3. This might sound far-fetched, and it’s certainly counterintuitive, but the fact that the Buddhist canon was transmitted orally for centuries before it was committed to writing almost makes it seem more reliable, rather than less. As your example of Lincoln “quotes” appearing as memes on the Internet suggests, the very ease with which text can be replicated using electronic media makes it especially susceptible to mischief in our own era. Conversely, the more difficult it is transmit information, the less likely it is to be tampered with. Because it would have taken a monumental effort to commit the key teachings of the Buddha to memory, and because this would necessarily have involved the cooperation of many individuals, the temptation to get “creative” would probably have been minimal. Of course, some oral traditions (such as the retelling of fairy tales and ancient legends) thrive on such creativity; but in the case of the preservation of the Buddha’s teachings (a task undertaken soon after his death, according to all schools of Buddhism), it is clear that interpretive liberties were not encouraged. (The sheer repetitiveness of the phrasing of the suttas points to an obsessive concern with mnemonic accuracy, even to the point of an almost maddening monotony, at least to our modern ears.)

    Incidentally, Gandhara’s role as a breeding ground for some of the iconography we now associate with Buddhism (including images of the Buddha himself) shows that the cultural influence went both ways. It makes me wonder if any Hellenistic ideas also filtered into Buddhist thought during the early centuries.

    • A number of readers have suggested that oral recitation practices accurately preserved and transmitted information in preliterate societies. While that’s no doubt true to a certain extent, we have no way of knowing the extent of “errors” that crept in over the centuries through various psychological processes affecting memory like leveling and sharpening. We have no idea of how many of the Pali Suttas were fabricated 10, 20, 50, 100, 200 or 300 years after the Buddha lived. Beckwith suspects, for example, judging from the archeological record, that the geography of the Suttas is surely wrong, and that the cities the Buddha allegedly taught in were still non-existent during the Buddha’s lifetime. The vast number of Suttas also makes it unlikely that all are accurate accounts of the Buddha’s teachings — think of all Suttas concerning devas and brahmas, or the fantastical descriptions of the Buddha’s physical “marks,” etc.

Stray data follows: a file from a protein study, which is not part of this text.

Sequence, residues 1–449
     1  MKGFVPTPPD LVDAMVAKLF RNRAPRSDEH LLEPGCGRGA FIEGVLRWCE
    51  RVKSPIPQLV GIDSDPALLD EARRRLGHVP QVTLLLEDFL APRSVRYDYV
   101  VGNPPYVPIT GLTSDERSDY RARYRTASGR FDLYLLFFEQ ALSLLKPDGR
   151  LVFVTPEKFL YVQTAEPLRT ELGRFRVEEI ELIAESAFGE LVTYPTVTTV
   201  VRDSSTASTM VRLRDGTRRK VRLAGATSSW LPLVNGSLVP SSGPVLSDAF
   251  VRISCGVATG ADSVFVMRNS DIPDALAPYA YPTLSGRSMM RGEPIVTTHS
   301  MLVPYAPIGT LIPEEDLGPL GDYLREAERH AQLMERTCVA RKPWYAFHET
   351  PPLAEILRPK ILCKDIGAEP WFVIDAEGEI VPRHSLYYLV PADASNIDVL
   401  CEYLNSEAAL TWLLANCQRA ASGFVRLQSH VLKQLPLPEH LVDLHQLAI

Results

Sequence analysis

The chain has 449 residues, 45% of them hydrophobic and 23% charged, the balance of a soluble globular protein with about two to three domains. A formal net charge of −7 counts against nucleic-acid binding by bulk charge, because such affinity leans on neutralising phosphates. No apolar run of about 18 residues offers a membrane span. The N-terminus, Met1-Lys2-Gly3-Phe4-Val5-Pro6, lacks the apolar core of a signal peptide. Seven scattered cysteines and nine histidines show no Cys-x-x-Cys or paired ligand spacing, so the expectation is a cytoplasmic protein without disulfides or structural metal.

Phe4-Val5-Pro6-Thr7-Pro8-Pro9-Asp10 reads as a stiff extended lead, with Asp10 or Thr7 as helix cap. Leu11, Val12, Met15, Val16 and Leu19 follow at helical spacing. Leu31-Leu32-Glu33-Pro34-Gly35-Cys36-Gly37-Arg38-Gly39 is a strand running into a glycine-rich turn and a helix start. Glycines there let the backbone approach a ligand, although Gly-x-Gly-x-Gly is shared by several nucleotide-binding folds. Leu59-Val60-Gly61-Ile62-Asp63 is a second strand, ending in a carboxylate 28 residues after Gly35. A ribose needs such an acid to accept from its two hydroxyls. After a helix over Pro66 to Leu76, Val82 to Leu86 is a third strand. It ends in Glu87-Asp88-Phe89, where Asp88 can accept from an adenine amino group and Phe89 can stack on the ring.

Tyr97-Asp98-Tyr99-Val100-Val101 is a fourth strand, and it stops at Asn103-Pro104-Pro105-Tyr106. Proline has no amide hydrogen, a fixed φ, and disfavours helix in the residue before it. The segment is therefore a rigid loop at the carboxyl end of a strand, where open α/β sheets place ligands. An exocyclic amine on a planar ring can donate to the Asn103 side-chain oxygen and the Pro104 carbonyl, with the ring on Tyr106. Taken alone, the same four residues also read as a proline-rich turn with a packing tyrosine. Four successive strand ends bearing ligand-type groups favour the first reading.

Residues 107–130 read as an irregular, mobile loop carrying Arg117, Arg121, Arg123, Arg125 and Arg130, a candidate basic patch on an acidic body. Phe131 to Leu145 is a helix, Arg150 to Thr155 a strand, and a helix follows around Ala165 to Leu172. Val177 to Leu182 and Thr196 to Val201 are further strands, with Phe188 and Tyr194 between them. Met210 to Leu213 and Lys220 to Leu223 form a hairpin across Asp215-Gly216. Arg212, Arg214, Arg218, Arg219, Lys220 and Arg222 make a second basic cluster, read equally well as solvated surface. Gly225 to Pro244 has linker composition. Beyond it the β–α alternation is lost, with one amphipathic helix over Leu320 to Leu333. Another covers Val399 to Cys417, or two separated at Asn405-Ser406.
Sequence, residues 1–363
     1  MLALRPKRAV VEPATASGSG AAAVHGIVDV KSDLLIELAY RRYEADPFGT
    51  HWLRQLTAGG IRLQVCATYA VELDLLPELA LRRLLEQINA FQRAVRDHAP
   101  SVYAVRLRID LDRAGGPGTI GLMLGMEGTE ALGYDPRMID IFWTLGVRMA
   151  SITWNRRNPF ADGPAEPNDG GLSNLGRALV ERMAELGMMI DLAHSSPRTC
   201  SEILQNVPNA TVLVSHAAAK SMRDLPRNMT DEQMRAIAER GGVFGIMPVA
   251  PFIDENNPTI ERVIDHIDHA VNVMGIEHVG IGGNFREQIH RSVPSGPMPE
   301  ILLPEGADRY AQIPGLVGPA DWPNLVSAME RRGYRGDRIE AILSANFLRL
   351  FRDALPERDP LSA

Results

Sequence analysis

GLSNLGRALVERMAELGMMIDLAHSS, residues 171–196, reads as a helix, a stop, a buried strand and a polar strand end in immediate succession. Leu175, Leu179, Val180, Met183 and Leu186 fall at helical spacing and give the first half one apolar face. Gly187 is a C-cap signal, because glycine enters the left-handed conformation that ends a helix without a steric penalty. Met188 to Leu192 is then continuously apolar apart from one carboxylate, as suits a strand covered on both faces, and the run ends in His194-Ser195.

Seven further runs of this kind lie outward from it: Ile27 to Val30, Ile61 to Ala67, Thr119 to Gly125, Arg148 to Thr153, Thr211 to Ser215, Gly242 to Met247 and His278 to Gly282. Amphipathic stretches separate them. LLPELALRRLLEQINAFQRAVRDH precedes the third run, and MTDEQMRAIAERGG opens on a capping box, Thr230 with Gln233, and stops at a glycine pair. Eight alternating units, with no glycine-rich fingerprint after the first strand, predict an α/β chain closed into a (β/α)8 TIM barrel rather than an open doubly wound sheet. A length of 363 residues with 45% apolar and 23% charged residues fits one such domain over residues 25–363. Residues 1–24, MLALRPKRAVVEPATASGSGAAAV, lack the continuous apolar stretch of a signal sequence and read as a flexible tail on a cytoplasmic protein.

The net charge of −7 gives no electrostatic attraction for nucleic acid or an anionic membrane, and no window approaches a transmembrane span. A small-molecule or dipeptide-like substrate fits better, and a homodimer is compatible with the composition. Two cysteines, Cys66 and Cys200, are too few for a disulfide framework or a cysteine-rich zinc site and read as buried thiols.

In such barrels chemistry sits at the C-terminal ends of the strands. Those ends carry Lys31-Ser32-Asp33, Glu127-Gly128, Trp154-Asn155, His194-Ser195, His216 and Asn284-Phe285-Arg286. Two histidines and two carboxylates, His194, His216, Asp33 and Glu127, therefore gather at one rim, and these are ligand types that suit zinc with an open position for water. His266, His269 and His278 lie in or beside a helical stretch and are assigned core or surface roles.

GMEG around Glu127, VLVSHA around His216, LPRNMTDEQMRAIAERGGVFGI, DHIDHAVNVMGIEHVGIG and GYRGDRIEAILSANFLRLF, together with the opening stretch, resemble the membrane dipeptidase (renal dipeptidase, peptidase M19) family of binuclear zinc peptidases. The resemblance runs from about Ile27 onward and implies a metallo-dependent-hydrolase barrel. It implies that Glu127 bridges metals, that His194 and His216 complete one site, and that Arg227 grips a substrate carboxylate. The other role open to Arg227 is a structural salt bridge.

• There is no evidence that Buddhists used special techniques to preserve their texts. In fact it looks more like a story telling tradition in which the basic outline was preserved, but the details changed according to who was telling the story. The Pāḷi suttas, for example, frequently contain versions of a story with varying details. They also contain a large number of fragments consistent with a rather haphazard preservation. Also there are a number of obvious edits – obvious because they were kak-handed and marred the text. The different recensions of the Sūtras also have differences both in content and organisation. Nothing suggests precision.

        This is in stark contrast to the Vedic tradition, which had a number of mnemonic techniques for accurately preserving their texts. Young Brahmins would memorise the Veda syllable by syllable and word by word, before even learning Sanskrit.The oral traditions precisely match the written texts once they emerge, and in some cases the oral tradition is more accurate than the texts.

  4. A small point of clarification. Śāka is a local name and Scythian is an Anglicised form of the Greek name for the local people (via Herodotus). So in effect the Śāka and the Scythians were probably the same people.

    To the best of my knowledge there has been no reaction from academics to the thesis put forward by Michael Witzel and myself on the Iranian origins of the Buddha’s tribe. But nor have I yet to see a better explanation of the evidence that I presented for it in my JOCBS article: http://www.ocbs.org/ojs/index.php/jocbs/article/view/26

    • Thanks for clarifying, Jayarava. By the way, what did you think of Johannes Bronkhorst’s dismissive discussion of this book, in this article, “Was there Buddhism in Gandhara at the time of Alexander?” It seemed pretty devastating to me.